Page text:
PORT-AU-PRINCE, Haiti (AP) — The Haitian government has agreed to request aid from international troops as gangs and protesters cripple the country and supplies of water, fuel and basic commodities dwindle, according to a document released Friday.
The document, signed by Prime Minister Ariel Henry and 18 senior officials, says they are alarmed by “the risk of a major humanitarian crisis” which threatens the lives of many people.
It authorizes Henry to request from international partners “the immediate deployment of a specialized armed force, in sufficient quantity”, to stop the crisis across the country caused in part by the “criminal actions of armed gangs”.
“It is imperative to restart activities to avoid a complete suffocation of the national economy,” the document said.
It was unclear whether the request had been officially submitted, to whom it would be submitted and whether it would mean the activation of United Nations peacekeeping troops, whose mission ended five years ago after 11 troubled years in Haiti.
US State Department Deputy Spokesman Vedant Patel said earlier in the day that the United States was considering a request for a humanitarian corridor to restore fuel distribution in Haiti and would coordinate with the Haitian Prime Minister and other international partners to determine how best to provide additional support.
“We strongly condemn those who continue to block the distribution of fuel and other necessities to Haitian businesses,” he said.
Patel won’t address the question of where troops to enforce the corridor might come from, saying the review was still in its early stages.
The petition comes after Luis Almagro, secretary general of the Organization of American States, met on Thursday with officials including US Secretary of State Antony Blinken and Haitian Foreign Minister Jean Victor Généus to discuss the deterioration of the country’s situation.
Almagro tweeted late Thursday that Haiti “must request urgent assistance from the international community to help resolve security crises, determine the characteristics of an international security force.”
Many Haitians have rejected the idea of another international intervention, noting that UN peacekeepers have been accused of sexual assault and sparked a cholera epidemic more than a decade ago that killed nearly 10,000 people.
“I don’t think Haiti needs another intervention,” said Mathias Pierre, Haiti’s former minister of elections. “We’ve been through so much and nothing has been resolved… If we don’t do it as Haitians, in 10 years we will be in the same situation again.”
He called on the US government to help reduce the amount of ammunition and firearms flowing into Haiti and also to equip police so they have more weapons and the ability to handle gang intelligence.
He also expressed concern about the situation an international security force would encounter.
“It’s not an army they’re up against,” he said. “They are faced with gangs located in poor areas and using the population as shields to protect themselves.”
The Haiti National Police struggles to control gangs with its limited resources and chronic understaffing, with only some 12,800 active officers for a country of more than 11 million people.
The gangs have only grown in power since the July 2021 assassination of President Jovenel Moïse.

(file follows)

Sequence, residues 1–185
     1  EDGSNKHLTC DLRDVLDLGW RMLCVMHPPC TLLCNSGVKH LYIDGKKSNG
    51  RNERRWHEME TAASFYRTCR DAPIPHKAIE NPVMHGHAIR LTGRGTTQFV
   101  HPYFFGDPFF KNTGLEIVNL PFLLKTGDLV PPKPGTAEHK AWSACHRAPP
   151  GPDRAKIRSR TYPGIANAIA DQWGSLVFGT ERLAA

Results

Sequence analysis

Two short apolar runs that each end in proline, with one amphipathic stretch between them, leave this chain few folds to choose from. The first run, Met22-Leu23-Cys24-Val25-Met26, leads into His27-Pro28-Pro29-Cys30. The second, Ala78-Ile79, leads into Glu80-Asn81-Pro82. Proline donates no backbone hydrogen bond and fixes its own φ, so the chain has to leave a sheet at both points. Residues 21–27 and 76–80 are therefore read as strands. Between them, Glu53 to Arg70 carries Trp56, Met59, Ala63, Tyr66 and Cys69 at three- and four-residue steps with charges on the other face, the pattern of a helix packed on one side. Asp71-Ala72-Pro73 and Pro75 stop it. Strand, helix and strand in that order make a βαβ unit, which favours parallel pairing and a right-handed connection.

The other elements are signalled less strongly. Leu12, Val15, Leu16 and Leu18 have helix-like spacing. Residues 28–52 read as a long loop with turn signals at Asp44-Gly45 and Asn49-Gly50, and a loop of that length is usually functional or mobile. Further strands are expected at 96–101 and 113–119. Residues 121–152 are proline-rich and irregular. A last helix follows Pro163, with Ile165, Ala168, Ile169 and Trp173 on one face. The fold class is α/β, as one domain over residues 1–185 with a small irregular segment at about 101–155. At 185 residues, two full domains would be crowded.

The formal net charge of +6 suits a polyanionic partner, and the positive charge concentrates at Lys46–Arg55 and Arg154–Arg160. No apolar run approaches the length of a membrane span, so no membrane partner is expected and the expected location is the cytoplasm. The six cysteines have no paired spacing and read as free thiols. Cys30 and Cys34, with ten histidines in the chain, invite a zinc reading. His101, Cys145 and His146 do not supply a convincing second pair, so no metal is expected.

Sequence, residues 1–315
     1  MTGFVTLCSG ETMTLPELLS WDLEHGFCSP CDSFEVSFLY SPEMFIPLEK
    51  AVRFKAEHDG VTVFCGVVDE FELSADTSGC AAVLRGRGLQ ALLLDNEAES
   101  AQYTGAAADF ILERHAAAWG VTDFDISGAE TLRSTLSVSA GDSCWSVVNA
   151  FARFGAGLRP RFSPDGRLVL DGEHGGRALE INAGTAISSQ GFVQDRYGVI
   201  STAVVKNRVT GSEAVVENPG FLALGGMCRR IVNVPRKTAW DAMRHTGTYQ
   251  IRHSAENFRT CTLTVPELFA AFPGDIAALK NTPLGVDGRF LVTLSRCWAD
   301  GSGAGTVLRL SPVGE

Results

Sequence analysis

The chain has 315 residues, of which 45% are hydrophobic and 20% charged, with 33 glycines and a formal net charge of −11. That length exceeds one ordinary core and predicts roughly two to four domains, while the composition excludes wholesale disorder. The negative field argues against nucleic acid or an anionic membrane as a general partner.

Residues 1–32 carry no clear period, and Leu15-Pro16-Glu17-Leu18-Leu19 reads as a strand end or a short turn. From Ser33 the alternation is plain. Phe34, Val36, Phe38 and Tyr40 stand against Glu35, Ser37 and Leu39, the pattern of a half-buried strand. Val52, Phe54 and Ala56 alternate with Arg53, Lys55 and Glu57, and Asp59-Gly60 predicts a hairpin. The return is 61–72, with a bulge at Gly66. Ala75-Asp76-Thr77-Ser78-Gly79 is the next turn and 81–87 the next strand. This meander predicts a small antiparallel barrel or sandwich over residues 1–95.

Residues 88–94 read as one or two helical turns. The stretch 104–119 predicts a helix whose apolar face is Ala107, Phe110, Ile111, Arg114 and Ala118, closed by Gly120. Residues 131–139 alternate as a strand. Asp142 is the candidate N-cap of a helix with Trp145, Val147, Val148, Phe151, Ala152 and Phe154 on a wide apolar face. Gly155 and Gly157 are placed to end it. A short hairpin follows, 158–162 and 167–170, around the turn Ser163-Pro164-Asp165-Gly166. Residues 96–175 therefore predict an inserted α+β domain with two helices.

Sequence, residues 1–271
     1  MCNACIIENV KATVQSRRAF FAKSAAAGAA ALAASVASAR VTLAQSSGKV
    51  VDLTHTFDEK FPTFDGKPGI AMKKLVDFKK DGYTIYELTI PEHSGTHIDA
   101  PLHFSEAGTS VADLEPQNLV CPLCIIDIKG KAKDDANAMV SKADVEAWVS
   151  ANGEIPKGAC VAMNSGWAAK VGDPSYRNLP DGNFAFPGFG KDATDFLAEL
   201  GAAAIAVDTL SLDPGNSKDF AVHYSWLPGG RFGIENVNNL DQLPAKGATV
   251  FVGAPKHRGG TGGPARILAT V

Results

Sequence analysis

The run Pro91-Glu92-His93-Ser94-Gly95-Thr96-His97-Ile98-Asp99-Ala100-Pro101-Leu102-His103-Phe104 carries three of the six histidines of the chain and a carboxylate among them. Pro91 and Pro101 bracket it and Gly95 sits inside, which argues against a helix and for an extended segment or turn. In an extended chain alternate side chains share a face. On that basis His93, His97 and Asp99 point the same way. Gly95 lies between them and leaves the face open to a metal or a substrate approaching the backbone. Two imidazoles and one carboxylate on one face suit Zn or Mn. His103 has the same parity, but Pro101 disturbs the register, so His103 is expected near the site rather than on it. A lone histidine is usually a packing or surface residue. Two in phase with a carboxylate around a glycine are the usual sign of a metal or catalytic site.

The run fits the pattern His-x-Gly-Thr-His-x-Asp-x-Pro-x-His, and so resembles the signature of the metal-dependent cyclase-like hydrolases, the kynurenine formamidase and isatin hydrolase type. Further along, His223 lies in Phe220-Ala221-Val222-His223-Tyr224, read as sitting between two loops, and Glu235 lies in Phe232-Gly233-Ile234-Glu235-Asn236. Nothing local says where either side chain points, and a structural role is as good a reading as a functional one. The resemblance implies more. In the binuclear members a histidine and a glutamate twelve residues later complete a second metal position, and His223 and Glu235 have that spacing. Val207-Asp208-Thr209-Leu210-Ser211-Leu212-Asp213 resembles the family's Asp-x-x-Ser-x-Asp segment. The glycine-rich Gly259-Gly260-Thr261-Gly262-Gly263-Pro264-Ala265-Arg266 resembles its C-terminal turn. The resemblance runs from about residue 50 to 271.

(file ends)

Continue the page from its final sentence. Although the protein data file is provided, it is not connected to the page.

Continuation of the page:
As Henry’s administration accepted the request for foreign troops, his office released a statement saying the prime minister had not resigned, dismissing what he called false reports circulating on social media that have prompted protests. hundreds of Haitians across the country celebrating in the streets late Thursday.
“These are pure and simple fabrication, intoxication strategies, orchestrated by ill-intentioned individuals, aimed at causing further unrest and confusion,” his office said.
Protesters and increasingly powerful gangs have helped plunge Haiti into unprecedented chaos, with the country paralyzed for nearly a month after gangs surrounded a major fuel terminal in the capital of Port-au- Prince, refusing to budge until Henry resigns.
As a result, crews were unable to distribute approximately 10 million gallons of diesel and gasoline and over 800,000 gallons of jet fuel stored on site.
Protesters have also blocked roads since Henry announced in early September that his administration could no longer afford fuel subsidies, leading to steep increases in the price of gasoline, diesel and kerosene.
The document signed by Henry and other officials said such actions had “catastrophic consequences”.
Gas stations are closed, hospitals have reduced essential services and businesses, including banks and grocery stores, have reduced their hours of operation.
On Wednesday, the Office of the United Nations Resident and Humanitarian Coordinator in Haiti proposed a “humanitarian corridor” to provide fuel and aid to those in need. He noted that the country was also facing a new outbreak of cholera, with several deaths reported and dozens of patients treated.
“The most vulnerable people are the first to suffer from the lockdown,” the UN said.
At least 13 U.S. congressional leaders have demanded that U.S. President Joe Biden’s administration stop showing support for Henry and suspend all deportations “given the extreme physical safety risks and dire humanitarian situation.”
He called on the U.S. government to support “legitimate efforts to create a transitional Haitian government that respects the will of the Haitian people, and should make it clear to Henry that he will not support them as they block progress.”
Henry stressed that he had no interest in retaining power and planned to hold parliamentary elections as soon as the violence subsided.
Coto reported from San Juan, Puerto Rico. Associated Press writer Matthew Lee in Washington contributed to this report.
Danica Coto, Evens Sanon, The Associated Press